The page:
Talk-show mishegas: Late-night talkers are strong these days, as political humor keeps them afloat. But a few other talk shows have crashed and burned this fall. ABC’s new “The Alec Baldwin Show” on Sunday nights did extremely poorly out of the gate — and this was before his arrest — with 2.1 million viewers. The network — which also has Baldwin’s successful “Match Game” reboot — moved the talk show to a Saturday night dead spot, and its future is bleak.


Megyn Kelly is also a fall dud, having lost her show after making offensive comments about blackface. NBC hired her for a lot of money, knowing about her history of racial insensitivity on Fox News, but the network has nonetheless let her go (the exit negotiations are ongoing). Of course, if her hour of the “Today” show had been doing well, NBC might have been more forgiving, don’t you think? Interestingly, the ratings for that hour have risen since Kelly’s departure.

Intubations R Us: Medical dramas know where we live. In our own lives, we struggle with matters of life and death, and we face insurance issues — so a decent show based on those near-and-dear issues stands a good chance. Last season, CBS’s “The Good Doctor” took off, and this season NBC’s “New Amsterdam” has done fairly well. “New Amsterdam” is manipulative as all get-out, as it gives us a hero doctor with cancer who is trying to break through bureaucratic hospital baloney. But it pushes all the right buttons for viewers. Positioned after “This Is Us” on Tuesday nights, the show, a steady ratings performer in the 6 millions, quickly won a full-season order.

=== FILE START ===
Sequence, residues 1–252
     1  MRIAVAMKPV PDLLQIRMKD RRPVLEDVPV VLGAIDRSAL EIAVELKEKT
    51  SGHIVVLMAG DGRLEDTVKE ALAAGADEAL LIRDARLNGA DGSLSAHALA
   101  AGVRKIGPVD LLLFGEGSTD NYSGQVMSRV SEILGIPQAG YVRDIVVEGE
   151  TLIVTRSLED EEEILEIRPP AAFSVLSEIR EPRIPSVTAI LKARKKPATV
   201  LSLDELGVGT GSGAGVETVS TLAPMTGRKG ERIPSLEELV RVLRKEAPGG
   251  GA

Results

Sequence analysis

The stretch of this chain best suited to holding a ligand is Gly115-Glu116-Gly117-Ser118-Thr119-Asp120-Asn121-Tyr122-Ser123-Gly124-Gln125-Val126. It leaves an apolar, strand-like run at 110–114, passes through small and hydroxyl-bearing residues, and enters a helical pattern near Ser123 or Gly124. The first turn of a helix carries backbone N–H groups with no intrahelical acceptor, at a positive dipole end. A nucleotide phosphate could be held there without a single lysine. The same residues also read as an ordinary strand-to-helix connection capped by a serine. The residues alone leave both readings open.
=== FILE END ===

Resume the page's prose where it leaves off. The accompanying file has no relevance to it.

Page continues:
Mythology mish-mash: NBC’s endless early promotion for “Manifest” was provocative, and it paid off: 10.3 million viewers caught the premiere. The drama was quickly deemed the season’s top-rated new drama, even if the numbers have dropped significantly since then — down to 5.9 million. The premise has been compared to that of “Lost,” as a plane disappears for five years, then lands with no time passing for the passengers. But the execution is anything but “Lost”-like; it’s mediocre at best, with too much focus on the melodrama of those involved in the big mystery. The season will have 16 episodes, and I’m assuming its spring performance (there are seven episodes to go) will be the determining factor in terms of renewal.

Full-season orders: I have wanted to like “Single Parents” since I first heard about it. I like the cast a lot, with Taran Killam, Brad Garrett, and Leighton Meester, and I like the concept. But it’s just awful, and I’ve watched every episode so far. Nonetheless, ABC has given the show a full-season order. Go figure. The ratings, in the 3 millions, are lousy. Also getting full-season orders: ABC’s men-do-cry-a-thon “A Million Little Things,” Nathan Fillion’s clichéd “The Rookie,” CBS’s bland (and blandly titled) but popular Dick Wolf procedural “FBI,” CBS’s surprisingly popular “God Friended Me,” “Magnum P.I.,” CBS’s forgettable “The Neighborhood,” and the CW’s updated “Charmed.”

Matthew Gilbert can be reached at Follow him on Twitter @MatthewGilbert.